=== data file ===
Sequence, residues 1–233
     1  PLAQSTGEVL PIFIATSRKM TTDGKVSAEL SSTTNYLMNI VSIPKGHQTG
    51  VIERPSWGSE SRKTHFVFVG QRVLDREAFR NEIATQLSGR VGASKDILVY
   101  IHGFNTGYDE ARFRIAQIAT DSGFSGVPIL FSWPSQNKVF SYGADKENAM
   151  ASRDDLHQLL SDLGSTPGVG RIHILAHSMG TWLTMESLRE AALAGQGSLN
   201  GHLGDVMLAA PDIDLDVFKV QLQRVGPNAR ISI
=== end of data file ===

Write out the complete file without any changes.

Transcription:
Sequence, residues 1–233
     1  PLAQSTGEVL PIFIATSRKM TTDGKVSAEL SSTTNYLMNI VSIPKGHQTG
    51  VIERPSWGSE SRKTHFVFVG QRVLDREAFR NEIATQLSGR VGASKDILVY
   101  IHGFNTGYDE ARFRIAQIAT DSGFSGVPIL FSWPSQNKVF SYGADKENAM
   151  ASRDDLHQLL SDLGSTPGVG RIHILAHSMG TWLTMESLRE AALAGQGSLN
   201  GHLGDVMLAA PDIDLDVFKV QLQRVGPNAR ISI